Earlier this week, the OECD announced the international community renewed its commitment “toward addressing the tax challenges arising from digitalisation of the economy and has agreed to continue working multilaterally towards achievement of a new consensus-based long-term solution in 2020.”
Following a meeting on January 23-24 on the Inclusive Framework and which involved 264 delegates of 95 member jurisdictions, the OECD agreed to ramp up their work on finding the ideal way to tax multinational companies in this era of digitalisation.
The discussions revolved around two central tenets of the OECD’s efforts to tackle the challenges posed by the digitilisation of the economy.
First, OECD members agreed to “focus on how the existing rules that divide up the right to tax the income of multinational enterprises among jurisdictions, including traditional transfer-pricing rules and the arm’s length principle, could be modified to take into account the changes that digitalisation has brought to the world economy.”
According to the OECD, an in-depth look at this first pillar “will require a re-examination of the so-called ‘nexus’ rules – namely how to determine the connection a business has with a given jurisdiction – and the rules that govern how much profit should be allocated to the business conducted there.”
Second, the OECD will look “to resolve remaining BEPS issues and will explore two sets of interlocking rules designed to give jurisdictions a remedy in cases where income is subject to no or only very low taxation.”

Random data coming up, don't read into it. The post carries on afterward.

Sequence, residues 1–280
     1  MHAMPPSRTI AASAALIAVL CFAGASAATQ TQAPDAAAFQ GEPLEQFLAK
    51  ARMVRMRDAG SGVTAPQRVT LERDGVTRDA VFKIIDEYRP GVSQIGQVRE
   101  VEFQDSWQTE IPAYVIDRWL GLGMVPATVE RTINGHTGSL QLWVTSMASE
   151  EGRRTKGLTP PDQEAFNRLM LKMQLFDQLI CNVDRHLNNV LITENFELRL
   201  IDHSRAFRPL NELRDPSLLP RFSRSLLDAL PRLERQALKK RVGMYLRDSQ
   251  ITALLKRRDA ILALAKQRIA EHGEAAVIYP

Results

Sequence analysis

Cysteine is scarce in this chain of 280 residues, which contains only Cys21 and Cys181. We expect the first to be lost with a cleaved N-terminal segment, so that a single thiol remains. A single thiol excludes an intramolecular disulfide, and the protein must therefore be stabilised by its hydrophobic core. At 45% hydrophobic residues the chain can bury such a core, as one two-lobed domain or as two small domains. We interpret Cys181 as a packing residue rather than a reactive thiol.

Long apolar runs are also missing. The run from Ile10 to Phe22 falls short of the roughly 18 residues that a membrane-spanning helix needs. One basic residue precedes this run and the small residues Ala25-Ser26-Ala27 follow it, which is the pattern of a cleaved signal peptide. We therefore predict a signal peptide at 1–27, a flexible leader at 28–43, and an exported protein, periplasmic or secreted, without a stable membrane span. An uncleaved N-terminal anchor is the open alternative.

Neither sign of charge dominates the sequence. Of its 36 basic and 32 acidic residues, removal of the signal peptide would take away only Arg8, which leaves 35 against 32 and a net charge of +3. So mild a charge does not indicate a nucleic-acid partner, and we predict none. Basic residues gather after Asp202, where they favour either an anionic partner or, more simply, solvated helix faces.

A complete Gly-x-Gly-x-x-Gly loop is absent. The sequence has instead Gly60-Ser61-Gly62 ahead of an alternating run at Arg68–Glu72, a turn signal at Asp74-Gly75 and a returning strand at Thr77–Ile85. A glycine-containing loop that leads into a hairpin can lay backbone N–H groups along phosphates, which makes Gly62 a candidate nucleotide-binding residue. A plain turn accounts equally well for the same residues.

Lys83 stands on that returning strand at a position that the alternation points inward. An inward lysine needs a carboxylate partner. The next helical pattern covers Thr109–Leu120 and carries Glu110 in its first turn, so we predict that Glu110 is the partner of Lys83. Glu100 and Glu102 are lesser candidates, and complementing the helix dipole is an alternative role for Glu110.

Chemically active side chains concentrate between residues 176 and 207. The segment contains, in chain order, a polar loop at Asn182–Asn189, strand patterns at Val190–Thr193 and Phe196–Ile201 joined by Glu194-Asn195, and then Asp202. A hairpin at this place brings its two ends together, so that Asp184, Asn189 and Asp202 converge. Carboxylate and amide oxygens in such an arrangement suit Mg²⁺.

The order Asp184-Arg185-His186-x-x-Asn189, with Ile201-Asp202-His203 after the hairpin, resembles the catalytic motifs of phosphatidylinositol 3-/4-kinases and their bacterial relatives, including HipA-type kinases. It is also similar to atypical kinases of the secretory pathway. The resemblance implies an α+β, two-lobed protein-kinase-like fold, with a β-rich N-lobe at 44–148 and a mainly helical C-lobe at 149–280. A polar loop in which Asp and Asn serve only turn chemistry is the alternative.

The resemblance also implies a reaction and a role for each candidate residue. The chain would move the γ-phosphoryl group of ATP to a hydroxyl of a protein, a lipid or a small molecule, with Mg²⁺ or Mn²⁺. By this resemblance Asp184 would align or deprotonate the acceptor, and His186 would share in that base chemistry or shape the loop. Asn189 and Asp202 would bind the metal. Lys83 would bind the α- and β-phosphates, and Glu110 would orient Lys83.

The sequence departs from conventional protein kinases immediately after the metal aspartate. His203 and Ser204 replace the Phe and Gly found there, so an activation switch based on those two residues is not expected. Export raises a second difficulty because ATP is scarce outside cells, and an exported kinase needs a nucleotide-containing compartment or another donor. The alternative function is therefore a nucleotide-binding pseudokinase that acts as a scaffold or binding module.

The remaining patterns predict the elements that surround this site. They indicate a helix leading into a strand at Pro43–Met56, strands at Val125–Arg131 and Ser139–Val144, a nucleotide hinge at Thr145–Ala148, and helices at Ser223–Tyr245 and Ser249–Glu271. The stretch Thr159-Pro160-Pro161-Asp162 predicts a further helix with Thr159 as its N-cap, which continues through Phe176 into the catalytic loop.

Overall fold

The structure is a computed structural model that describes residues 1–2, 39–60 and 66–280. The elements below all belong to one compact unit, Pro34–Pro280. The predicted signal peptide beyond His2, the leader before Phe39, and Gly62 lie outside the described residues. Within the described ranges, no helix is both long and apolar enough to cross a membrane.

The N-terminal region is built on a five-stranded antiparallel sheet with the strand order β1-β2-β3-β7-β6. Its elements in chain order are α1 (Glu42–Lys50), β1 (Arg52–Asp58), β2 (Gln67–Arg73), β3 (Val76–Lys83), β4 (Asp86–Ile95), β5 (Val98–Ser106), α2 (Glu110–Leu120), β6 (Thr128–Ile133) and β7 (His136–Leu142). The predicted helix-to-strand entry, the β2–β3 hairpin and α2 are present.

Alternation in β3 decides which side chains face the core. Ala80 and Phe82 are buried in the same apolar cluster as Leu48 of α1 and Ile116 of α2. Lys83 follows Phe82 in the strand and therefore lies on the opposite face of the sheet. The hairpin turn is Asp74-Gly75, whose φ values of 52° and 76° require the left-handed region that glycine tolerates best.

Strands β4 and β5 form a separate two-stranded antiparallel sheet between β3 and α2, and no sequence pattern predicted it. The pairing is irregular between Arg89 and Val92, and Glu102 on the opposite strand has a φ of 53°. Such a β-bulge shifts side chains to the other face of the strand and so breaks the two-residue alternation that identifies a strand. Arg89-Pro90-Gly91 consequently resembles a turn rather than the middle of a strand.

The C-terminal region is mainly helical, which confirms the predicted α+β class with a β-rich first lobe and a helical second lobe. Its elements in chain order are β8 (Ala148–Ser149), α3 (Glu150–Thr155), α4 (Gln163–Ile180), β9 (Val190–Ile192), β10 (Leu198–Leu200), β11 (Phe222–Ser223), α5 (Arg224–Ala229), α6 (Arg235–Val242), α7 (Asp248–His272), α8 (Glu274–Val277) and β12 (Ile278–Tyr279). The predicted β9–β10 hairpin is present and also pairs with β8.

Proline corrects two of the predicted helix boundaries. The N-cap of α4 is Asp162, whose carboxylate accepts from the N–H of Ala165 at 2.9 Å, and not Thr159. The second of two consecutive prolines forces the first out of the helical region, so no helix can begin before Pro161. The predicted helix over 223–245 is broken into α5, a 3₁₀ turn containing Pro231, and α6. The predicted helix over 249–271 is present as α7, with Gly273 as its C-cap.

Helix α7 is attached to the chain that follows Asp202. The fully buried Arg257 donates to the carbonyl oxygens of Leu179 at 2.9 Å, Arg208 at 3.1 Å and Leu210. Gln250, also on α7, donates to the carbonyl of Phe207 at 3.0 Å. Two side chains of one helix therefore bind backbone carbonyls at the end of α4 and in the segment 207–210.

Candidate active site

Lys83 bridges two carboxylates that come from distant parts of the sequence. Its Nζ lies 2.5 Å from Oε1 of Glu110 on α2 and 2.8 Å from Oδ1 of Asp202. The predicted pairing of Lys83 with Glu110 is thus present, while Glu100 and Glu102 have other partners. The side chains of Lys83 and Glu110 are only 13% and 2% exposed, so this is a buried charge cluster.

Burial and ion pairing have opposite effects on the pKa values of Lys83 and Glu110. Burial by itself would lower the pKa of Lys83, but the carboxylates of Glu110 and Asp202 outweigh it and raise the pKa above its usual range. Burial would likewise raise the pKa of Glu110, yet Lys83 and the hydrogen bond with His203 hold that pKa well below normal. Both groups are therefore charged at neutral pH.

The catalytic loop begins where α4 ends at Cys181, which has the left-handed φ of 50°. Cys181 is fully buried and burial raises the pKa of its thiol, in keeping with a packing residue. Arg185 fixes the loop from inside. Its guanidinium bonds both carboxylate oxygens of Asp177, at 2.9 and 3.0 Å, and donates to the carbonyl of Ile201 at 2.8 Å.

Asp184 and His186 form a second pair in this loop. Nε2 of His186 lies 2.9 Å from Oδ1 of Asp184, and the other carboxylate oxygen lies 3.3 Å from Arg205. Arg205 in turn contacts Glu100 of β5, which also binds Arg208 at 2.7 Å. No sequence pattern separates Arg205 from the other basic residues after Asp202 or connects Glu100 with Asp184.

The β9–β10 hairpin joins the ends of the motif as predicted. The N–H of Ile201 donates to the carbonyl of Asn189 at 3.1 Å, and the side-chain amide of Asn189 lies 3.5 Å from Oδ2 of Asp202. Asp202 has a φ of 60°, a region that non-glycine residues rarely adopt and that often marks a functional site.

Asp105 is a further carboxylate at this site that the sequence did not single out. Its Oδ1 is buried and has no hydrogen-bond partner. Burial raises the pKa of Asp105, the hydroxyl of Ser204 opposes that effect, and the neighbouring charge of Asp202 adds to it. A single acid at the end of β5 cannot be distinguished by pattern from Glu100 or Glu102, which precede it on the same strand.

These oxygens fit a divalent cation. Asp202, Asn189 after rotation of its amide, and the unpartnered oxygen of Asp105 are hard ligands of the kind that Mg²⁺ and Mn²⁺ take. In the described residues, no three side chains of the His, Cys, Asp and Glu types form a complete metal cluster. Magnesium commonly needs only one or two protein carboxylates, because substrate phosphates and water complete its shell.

The OECD’s Head of Taxation, Pascal Saint-Amans, said, “The international community has taken a significant step forward toward resolving the tax challenges arising from digitalization. Countries have agreed to explore potential solutions that would update fundamental tax principles for a twenty-first century economy, when firms can be heavily involved in the economic life of different jurisdictions without any significant physical presence and where new and often intangible drivers of value become more and more important.”
“In addition, the features of the digitalised economy exacerbate risks, enabling structures that shift profits to entities that escape taxation or are taxed at only very low rates. We are now exploring this issue and possible solutions,” Saint-Amans added.
A public consultation on these two pillars and the steps ahead will be held in mid-March in Paris during a meeting of the OECD’s Task Force on the Digital Economy.
OECD Also Announces Progress to BEPS Action 5 on Harmful Practices
At the same time, the OECD released the report, Harmful Tax Practices - 2018 Progress Report on Preferential Regimes, which shows what jurisdictions throughout the globe have accomplished in terms of tackling harmful tax practices, “including ensuring that preferential regimes align taxation with substance.”
Below is a table courtesy of the OECD summarizing the 255 tax regimes that have been looked at by the organization since the project’s inception.
Overall, the latest report reached conclusions on 57 particular tax regimes. Some of these highlights include:
- 44 tax regimes espoused by Antigua and Barbuda, Barbados, Belize, Botswana, Costa Rica, Curaçao, France, Jordan, Macau, Malaysia, Panama, Saint Lucia, Saint Vincent and the Grenadines, the Seychelles, Spain, Thailand and Uruguay have been amended or abolished to comply with OECD regulations.
- Those Intellectual Property (IP) regimes originally listed in the 2015 BEPS Action 5 report by Spain and France have been deemed no longer harmful.
- New or replacement tax regimes pitched by Barbados, Curacao and Panama met Action 5 standards and are not considered to be harmful.
- Three tax regimes offered by Thailand have been listed as being potentially harmful.
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